The Islamic calendar is called Hijrah (Migration) calendar.
It begins from the day when Muhammad (Peace be upon him) made a Hijrah from Makkah to Madinah.
The Islamic calendar was implemented many years later, retroactively, from July 16, 622 CE, by 'Umar bin Khattab (May God be pleased with him).
Years of the Islamic calendar are approximately ten days shorter than the Gregorian calendar of 365 days, we normally use. Each month of the Islamic calendar could be either 29 or 30 days long, depending upon the moon cycle. First day of the month starts after the sighting and visibility of the moon.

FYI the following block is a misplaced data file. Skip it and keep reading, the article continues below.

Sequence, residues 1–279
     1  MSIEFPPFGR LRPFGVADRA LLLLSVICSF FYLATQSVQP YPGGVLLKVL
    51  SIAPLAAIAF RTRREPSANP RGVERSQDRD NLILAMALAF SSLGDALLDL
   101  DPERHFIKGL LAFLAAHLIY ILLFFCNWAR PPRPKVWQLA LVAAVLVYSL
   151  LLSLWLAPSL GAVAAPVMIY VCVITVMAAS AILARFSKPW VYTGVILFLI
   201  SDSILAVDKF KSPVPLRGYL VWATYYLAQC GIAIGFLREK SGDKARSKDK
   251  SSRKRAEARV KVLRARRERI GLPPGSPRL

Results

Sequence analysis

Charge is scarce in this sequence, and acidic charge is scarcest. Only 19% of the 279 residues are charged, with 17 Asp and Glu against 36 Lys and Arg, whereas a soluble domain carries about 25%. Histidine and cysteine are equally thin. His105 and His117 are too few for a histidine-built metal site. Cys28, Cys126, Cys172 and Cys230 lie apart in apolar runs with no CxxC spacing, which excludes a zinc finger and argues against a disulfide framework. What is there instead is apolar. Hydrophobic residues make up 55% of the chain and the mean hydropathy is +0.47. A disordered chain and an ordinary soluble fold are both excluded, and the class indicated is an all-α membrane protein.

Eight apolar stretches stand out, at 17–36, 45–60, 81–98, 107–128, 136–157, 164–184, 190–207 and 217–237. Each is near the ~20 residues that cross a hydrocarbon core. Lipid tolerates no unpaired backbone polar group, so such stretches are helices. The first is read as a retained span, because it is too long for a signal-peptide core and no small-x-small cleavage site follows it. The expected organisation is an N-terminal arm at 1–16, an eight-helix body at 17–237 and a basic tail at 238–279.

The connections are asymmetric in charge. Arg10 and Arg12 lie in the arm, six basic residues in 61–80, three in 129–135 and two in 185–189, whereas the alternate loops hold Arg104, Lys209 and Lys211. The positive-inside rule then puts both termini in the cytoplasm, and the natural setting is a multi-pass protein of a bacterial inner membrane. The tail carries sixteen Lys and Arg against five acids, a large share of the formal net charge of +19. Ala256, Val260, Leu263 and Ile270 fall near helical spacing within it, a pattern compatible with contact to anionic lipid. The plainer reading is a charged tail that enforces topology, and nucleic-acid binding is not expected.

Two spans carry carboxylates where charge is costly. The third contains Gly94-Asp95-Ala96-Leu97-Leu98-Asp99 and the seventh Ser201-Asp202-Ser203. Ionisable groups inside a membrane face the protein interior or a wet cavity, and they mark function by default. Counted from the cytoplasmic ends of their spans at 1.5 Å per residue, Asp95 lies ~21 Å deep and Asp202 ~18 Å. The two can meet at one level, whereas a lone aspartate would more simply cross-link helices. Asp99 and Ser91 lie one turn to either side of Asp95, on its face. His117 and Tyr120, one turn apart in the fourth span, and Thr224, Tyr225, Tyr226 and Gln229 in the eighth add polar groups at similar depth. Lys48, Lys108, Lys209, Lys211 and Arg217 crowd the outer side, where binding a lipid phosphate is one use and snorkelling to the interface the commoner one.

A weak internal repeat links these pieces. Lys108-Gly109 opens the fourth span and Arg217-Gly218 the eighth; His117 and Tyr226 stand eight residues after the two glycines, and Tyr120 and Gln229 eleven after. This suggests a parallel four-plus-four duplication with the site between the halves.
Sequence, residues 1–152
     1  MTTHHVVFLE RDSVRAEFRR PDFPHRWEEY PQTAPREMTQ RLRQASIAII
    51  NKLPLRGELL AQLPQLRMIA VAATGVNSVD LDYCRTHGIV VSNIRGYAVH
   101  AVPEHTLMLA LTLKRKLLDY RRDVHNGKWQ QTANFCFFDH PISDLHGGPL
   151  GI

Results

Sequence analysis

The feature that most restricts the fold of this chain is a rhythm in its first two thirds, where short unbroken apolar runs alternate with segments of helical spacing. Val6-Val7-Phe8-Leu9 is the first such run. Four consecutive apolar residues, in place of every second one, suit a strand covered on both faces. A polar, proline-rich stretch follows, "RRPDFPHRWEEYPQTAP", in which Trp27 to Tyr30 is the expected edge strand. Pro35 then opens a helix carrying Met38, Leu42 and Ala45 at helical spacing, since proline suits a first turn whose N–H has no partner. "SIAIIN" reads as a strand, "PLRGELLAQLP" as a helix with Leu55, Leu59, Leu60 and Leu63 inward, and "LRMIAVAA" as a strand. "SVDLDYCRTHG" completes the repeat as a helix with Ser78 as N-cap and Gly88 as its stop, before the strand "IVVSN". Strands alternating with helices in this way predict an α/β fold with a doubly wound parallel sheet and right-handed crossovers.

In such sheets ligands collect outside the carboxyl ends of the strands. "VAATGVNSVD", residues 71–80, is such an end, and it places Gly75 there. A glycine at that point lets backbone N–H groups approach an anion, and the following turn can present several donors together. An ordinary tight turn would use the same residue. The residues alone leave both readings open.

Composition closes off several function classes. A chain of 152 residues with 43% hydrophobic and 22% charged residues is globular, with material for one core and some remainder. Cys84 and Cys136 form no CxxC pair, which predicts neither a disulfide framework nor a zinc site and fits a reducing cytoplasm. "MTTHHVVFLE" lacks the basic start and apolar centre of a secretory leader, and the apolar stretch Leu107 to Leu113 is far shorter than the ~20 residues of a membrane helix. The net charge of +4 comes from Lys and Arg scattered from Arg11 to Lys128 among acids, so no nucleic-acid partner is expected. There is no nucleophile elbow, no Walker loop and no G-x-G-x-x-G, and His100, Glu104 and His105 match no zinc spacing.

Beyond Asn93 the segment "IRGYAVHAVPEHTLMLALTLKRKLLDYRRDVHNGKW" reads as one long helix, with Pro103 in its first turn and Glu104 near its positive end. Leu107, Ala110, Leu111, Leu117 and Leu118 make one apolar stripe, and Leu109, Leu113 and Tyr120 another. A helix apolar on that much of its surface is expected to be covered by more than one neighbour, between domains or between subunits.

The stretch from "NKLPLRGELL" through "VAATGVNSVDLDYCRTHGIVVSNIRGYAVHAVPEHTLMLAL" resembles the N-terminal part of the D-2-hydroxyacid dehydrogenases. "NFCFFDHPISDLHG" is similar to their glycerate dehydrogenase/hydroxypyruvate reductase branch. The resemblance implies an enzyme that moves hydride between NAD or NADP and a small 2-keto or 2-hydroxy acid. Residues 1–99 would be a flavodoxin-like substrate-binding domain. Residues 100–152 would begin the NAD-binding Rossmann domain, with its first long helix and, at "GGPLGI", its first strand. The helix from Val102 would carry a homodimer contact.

The beginning of the month of fasting Ramadan (Ninth month of the Islamic calendar), ’Id al-Fitr (Festival of Fasting) at the end of Ramadan and Hajj (Pilgrimage to Ka’bah) are always announced only after sighting the moon.
Compulsory Charity (Zakah) is also paid according to the Islamic calendar.
The twelve months of the Islamic Calendar are:
3. Rabi’ ul Awwal
4. Rabi’ uth-thani
5. Jumadal ula
6. Jumadal Ukhra
11. Dhul Qa'dah
12. Dhul Hijjah